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Detecting AdBlock: conflicts and collaboration


A long discussion started a couple of days back on the Greasemonkey mailinglist: should Greasemonkey let websites know that it is running (using some kind of special header)?

I was just exploring the DOM to try and write a script (FitSizeToTablet, more info at the end of the post). To my surprise, the javascript shell listed an _AdblockFiltered property on the window object. It not only makes AdBlock detectable to script running in the page, it actually lists all the urls that where blocked for this page.

I couldn't find any info about this on Google, but after asking on the AdBlock forums, it looks like it's not there on purpose. This property isn't the only way to detect adblocking, but the fact that this property is set shows that publishers haven't reacted to AdBlock yet. It's probably because AdBlock is only a percentage of Firefox users, which is only a small percentage of all users...

Anyways, the discussion on whether Greasemonkey should try to stay as invisible as possible is still going on.
Staying stealth doesn't avoid the problem, it only delays it. Having such a header (that would list the user scripts that will be applied to this page) does make it easier to block Greasemonkey users. But then sites that react that way would just end up not receiving this information anymore. They could still use obfuscation to try and systematically break user scripts, but the header is not going to change that.
The header only makes it easier for publishers to learn about how users view their websites. It's already possible for them to browse the user script repository to find out which scripts are available, but the header would make that feedback automatic and more accurate (which scripts are popular?).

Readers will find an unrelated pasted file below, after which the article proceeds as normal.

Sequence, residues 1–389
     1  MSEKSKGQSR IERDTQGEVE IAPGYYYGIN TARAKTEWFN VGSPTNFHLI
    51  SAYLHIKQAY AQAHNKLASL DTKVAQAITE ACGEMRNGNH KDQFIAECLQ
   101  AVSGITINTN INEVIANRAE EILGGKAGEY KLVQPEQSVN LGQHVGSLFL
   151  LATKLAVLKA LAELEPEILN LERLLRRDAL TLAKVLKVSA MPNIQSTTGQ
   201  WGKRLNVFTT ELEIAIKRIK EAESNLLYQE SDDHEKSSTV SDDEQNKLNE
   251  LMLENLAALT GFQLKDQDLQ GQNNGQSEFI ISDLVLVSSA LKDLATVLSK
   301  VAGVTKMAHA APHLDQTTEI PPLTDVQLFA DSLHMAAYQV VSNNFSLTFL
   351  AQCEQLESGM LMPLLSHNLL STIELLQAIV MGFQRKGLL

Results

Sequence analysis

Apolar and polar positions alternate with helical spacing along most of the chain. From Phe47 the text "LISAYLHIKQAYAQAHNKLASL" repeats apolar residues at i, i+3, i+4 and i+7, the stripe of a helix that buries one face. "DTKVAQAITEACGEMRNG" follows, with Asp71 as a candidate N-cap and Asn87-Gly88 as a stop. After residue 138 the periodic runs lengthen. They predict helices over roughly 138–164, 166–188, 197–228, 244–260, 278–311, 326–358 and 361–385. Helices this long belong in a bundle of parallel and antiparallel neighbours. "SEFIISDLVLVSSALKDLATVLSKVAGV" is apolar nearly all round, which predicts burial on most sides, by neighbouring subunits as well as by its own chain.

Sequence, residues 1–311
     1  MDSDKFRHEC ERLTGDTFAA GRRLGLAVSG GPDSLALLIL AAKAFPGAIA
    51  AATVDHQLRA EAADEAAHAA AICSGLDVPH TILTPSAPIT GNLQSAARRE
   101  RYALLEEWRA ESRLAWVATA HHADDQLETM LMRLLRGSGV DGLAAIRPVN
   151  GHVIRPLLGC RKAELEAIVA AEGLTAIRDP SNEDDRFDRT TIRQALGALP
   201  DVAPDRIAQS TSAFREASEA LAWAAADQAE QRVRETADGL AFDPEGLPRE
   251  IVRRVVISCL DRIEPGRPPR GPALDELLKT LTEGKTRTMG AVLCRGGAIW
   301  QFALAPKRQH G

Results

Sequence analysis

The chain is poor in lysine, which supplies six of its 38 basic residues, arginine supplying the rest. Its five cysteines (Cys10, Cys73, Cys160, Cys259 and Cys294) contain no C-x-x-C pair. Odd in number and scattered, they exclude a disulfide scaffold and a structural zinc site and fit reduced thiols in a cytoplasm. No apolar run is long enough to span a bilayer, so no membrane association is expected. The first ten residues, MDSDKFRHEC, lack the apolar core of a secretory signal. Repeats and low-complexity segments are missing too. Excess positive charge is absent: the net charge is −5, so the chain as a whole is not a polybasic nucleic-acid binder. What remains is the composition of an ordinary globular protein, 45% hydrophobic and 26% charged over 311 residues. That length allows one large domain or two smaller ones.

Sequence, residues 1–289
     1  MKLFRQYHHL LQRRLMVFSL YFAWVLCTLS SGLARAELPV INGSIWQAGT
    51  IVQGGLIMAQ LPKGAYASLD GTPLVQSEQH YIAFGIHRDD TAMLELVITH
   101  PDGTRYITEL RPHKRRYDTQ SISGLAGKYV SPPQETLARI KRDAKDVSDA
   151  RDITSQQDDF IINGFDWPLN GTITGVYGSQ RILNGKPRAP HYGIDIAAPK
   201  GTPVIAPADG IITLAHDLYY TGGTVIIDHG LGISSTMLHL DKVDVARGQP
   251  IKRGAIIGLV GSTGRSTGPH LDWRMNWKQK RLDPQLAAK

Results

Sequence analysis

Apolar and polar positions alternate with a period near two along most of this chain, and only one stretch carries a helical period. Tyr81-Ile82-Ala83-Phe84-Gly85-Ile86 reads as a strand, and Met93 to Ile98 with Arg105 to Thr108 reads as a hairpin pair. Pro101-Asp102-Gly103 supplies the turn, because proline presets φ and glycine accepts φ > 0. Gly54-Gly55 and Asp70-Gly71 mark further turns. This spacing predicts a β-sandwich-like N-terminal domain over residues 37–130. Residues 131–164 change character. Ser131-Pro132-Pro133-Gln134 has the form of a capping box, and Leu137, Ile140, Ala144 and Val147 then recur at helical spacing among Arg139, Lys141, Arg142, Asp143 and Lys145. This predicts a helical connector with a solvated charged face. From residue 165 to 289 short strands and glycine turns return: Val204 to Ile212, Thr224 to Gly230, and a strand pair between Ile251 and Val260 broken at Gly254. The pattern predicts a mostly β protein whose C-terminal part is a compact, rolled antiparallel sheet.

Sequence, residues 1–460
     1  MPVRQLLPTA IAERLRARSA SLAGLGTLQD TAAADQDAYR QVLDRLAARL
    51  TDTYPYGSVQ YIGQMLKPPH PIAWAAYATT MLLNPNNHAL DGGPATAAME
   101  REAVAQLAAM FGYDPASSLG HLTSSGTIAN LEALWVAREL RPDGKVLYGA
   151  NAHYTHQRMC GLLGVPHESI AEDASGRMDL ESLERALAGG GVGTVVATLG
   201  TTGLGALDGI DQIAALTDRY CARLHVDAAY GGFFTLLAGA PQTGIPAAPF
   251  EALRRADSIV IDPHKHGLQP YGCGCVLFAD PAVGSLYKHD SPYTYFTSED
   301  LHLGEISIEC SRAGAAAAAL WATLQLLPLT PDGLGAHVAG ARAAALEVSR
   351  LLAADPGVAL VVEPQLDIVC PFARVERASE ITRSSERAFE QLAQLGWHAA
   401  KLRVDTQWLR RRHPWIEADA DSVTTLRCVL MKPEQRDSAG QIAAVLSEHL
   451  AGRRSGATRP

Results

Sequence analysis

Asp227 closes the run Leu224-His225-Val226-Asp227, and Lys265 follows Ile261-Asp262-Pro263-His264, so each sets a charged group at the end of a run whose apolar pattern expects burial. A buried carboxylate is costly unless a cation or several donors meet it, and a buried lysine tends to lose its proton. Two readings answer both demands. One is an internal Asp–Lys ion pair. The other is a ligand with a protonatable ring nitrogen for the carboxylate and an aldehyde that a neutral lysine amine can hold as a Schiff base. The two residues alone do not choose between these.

It seems to come down to whether you're optimistic or pessimistic about publishers doing something positive about that information or instead abusing it to take action against Greasemonkey users.
I think that we should at least try and explore ways to bring publishers and users closer. Maybe it will fail. But will it obviously fail? Is it a failure if only one publisher creates something great because of Greasemonkey and the header facilitated it?
Publishers embracing advertising seemed like a rather unilateral move. AdBlock and Greasemonkey are just more unilateral moves, this time from the users. Those conflicts do create iterative advances, but they are coarse and bumpy. Can we find ways to smoothen this communication channel? This could create a virtuous cycle of feedback and accelerate the evolution of the web.

Numerous publishers and companies in general in the past have fought innovation coming from their consumers. There is no doubt this will happen again. But I think it's still worthwhile to explore how to collaborate and offer publishers a chance to participate in the wave of content customization and remixing. I may be too optimistic or even naive, but in the worst case, all we did is fast forward evolution by raising awareness.


PS: The FitSizeToTablet Greasemonkey user script attempts to fix pages that hardcode their width, so that they can display on a Tablet PC's screen (in slate mode: 768x1024) without overflowing horizontally.

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